National Geographic : 1951 Jun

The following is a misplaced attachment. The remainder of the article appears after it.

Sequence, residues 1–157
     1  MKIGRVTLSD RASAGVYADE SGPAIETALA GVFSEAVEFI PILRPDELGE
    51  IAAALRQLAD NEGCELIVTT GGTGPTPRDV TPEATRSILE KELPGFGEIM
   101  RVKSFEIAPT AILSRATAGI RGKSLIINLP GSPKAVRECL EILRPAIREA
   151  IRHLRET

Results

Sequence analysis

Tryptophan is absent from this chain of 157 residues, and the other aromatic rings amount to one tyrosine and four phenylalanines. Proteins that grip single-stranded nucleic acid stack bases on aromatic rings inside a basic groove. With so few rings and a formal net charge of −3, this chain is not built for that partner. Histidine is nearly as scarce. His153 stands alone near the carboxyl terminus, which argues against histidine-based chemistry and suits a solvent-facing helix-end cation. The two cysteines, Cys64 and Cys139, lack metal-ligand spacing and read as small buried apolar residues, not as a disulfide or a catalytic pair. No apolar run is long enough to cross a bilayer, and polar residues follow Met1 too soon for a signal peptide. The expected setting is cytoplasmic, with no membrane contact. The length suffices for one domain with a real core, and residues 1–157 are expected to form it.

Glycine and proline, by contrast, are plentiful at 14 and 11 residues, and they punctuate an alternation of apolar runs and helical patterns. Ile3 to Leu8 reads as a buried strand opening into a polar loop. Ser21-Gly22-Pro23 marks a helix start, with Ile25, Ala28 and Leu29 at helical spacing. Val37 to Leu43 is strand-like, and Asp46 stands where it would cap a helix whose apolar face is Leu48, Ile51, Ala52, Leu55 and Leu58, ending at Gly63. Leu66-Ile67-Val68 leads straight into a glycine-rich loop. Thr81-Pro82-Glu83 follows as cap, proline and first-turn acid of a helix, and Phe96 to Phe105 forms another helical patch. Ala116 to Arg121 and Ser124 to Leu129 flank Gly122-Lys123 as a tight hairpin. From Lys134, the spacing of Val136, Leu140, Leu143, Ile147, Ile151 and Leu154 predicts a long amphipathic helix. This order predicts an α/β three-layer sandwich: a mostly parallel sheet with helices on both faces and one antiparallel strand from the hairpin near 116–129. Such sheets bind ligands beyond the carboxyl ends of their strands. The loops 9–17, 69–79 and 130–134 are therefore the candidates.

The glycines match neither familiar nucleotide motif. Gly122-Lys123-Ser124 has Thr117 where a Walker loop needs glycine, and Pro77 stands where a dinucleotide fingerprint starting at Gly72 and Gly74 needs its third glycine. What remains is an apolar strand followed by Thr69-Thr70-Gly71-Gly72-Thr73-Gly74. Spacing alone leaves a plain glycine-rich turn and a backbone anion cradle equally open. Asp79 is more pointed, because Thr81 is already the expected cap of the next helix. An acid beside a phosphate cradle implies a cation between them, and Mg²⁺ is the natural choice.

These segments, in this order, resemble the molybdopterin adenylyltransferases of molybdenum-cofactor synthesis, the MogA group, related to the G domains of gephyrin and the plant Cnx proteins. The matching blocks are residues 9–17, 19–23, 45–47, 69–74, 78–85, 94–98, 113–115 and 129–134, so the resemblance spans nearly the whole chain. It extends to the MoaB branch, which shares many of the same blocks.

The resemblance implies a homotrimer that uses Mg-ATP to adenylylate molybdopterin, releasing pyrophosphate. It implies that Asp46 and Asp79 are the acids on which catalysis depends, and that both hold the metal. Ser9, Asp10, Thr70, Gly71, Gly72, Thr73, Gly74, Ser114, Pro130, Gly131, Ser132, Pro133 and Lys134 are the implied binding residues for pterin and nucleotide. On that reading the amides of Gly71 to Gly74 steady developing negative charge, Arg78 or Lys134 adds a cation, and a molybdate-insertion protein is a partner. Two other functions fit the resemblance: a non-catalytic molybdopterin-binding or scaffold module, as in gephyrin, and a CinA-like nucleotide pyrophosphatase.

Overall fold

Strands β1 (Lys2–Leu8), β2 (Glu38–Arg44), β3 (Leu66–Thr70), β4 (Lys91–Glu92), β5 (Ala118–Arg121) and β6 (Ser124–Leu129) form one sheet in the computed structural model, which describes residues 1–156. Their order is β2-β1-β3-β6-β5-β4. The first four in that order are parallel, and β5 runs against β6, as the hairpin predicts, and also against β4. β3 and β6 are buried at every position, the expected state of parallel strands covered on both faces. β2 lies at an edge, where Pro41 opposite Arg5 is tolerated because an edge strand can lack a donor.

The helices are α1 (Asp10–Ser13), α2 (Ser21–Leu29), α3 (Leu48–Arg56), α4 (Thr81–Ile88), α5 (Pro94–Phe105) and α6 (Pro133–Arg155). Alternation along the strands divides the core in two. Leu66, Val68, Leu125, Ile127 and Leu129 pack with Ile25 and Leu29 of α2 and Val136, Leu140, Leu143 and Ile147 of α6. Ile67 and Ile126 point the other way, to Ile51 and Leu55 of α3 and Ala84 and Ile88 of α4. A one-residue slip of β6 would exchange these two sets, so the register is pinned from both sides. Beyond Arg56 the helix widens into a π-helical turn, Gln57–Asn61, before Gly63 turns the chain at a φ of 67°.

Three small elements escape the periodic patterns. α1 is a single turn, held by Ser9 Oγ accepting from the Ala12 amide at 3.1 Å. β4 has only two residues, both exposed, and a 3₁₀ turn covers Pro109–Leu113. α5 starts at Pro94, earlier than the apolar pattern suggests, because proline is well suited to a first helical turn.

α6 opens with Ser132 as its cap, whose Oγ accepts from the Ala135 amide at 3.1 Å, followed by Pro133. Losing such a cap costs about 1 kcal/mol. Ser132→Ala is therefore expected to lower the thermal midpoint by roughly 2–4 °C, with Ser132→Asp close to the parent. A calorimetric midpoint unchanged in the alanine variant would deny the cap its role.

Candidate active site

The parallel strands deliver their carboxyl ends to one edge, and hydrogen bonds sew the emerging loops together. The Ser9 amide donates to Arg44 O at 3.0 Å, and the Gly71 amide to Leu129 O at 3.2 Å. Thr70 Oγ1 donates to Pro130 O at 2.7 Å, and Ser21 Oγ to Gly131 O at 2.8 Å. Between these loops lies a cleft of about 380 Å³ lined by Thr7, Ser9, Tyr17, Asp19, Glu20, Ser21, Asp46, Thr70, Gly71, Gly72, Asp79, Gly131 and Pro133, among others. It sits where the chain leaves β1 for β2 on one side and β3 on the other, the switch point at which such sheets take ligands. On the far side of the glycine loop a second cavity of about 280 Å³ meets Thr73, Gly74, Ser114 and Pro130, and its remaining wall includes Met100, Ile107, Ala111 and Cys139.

North to Pocatello, Idaho, I flew over moun tains covered with geometrically patterned wheat fields.* Some were oval and appeared from the air like rush door mats laid over the irregular slopes. Others were rectangular with sharp corners and straight lines. The oval fields belong to wheat growers who practice what is called "cross-the-slope farming." This type of cultivation is used in areas where terrain is too cut up with ridges to permit following exact contours. The rectangular fields are cultivated and planted with little or no regard for modern soil conservation methods. Between Pocatello and Idaho Falls, on the broad, flat plains of the Snake River, spread the lavas. These grotesque outcroppings ap pear as if they might have been molten but a few days ago. They reminded me of choco late fudge spilled and burnt on my mother's cook stove. Every seat of our DC-3 was occupied when * See "Idaho Made the Desert Bloom," by D. Worth Clark, NATIONAL GEOGRAPHIC MAGAZINE, June, 1944.